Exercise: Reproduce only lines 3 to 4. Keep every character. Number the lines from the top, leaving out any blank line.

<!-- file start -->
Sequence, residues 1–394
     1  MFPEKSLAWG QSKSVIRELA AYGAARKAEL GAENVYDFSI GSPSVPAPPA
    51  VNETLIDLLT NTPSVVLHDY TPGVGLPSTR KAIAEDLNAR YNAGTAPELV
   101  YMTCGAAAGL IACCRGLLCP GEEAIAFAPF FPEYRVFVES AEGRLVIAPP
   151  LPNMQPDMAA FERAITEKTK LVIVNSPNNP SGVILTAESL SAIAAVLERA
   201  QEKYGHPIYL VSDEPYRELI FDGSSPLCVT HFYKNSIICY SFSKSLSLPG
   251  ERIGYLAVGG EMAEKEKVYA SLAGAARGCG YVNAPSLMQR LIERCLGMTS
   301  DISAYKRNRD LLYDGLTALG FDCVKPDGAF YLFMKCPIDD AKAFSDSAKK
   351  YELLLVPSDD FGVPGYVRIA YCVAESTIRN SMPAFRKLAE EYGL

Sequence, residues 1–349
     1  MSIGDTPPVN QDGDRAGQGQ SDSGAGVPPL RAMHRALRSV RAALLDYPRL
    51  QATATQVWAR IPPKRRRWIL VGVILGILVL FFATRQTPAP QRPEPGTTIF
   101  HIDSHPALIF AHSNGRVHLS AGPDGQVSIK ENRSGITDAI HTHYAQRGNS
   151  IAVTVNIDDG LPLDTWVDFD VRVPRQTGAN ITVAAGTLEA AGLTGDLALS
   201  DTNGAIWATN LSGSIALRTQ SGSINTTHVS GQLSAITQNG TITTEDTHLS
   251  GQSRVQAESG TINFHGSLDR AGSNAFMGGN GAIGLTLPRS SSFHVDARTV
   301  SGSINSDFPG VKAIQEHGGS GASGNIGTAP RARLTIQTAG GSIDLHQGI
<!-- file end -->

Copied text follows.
    51  VNETLIDLLT NTPSVVLHDY TPGVGLPSTR KAIAEDLNAR YNAGTAPELV
   101  YMTCGAAAGL IACCRGLLCP GEEAIAFAPF FPEYRVFVES AEGRLVIAPP